Every high school student should take Foundations in Personal Finance because the skills taught are vital to life. For once, you will actually have a myriad of answers when your student asks, “When will I ever use any of this stuff? Why do I even need to take this course?”
Below, I have broken down different aspects of the course to give you an idea of how it would fit into your homeschool.
Scope of the course: This course covers everything from the nitty gritty of budgeting and investing, to more general topics such as career planning and goal setting. The variety made the course quite enjoyable. For example, while chapter 9 covered the basics of insurance, chapter 11 went into job interviews, resumes, personality assessment, goal setting, and career plans. One of the assignments for lesson 11 was to create your own resume. Chapter 3 coached the student through the process of creating a budget. The workbook provided links (mostly to their own website) along the way to assist with activities like creating your own budget and resume.
Level of teacher involvement: If your student is motivated, then they can complete this course entirely without help. While there were activity pages and practical application at the end of each lesson, there were no graded assignments. This course is self-explanatory, fast paced, entertaining, and highly interactive. As you are watching the DVD lessons, you have blanks to fill out in your workbook. This makes staying engaged and paying attention to every word a necessity.
Time needed to complete course: This course only has twelve chapters, thus it does not comprise a full school year. I believe this course took me less than a semester to complete. I would often finish a chapter in a day with plenty of time left for other school activities. For example, I completed one of the easier chapters (Money and Relationships) in one hour. While this course should definitely be included on a high school transcript, it will not fulfill a main math credit.
Intensity level: I took this course while I was a junior in high school. I was glad that I waited until my junior year because by that point I was seriously considering large financial decisions such as purchasing a car and paying for college. While they may not be as interested, I think a junior or sophomore in high school could complete this course with relative ease. This course requires attention and dedication, but is not strenuous.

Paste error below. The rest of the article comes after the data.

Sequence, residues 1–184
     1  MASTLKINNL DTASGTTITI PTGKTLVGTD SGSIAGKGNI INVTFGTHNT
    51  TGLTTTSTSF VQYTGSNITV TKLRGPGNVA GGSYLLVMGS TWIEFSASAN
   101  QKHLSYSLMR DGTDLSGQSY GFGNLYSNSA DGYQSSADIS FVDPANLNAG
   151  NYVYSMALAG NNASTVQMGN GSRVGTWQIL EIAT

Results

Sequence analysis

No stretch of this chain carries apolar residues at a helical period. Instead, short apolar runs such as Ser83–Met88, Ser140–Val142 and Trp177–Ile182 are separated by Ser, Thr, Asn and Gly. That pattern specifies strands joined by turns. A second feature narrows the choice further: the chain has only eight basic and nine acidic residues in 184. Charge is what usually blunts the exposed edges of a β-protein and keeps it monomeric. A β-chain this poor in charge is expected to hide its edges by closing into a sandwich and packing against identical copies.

Authors of the course: Four experts contribute to the course: Dave Ramsey, Rachel Cruze (Mr. Ramsey’s daughter), Chris Hogan, and Jonathan Acuff. Dave Ramsey and Rachel Cruze taught in a majority of the videos, but Hogan and Acuff’s contributions were also engaging and insightful. Many of the videos that address subjects like insurance and investing were taken from one of Dave Ramsey’s Financial Peace University seminars.
Other benefits of the course:
- Motivation to stay out of debt: In a culture where debt is normal, even expected, this course does a fantastic job of showing how debt is destructive and should be avoided at all costs. After covering debt’s destructive nature, this course gives practical advice specifically geared towards high school students on how to stay out of debt. Much detail is given on how to buy a car and go to college without accruing debt. This course made me feel empowered to use my money wisely. While living below your means requires sacrifice and humility, the sacrifice is well worth it in the end.
- Biblical world view: This course is clearly built on a solid Biblical foundation. One of the introductory pages is titled, “Managing Money God’s Way” and lists a number of Bible verses about money. Every chapter includes at least one Bible verse, usually more. This course shows that our faith is not something that is contained by a church building. Rather, our faith should be the foundation of every major decision we make, including money management. Not only does every chapter have a Biblical slant, the last chapter, 12, titled “Giving” teaches on Biblical generosity. According to all of Dave Ramsey’s materials, giving should be automatically included in your budget. Since most high schoolers have a rather limited income, the chapter focuses on how they can serve with their talent and time.
In conclusion: Even though this course does not count for a general education credit, it teaches priceless skills that every teenager should have in their tool box for the future. Invest in your teenager’s financial future by having them take Foundations in Personal Finance. This course will solidify their determination to carefully avoid debt and train them to be godly stewards of their money, talent, and resources.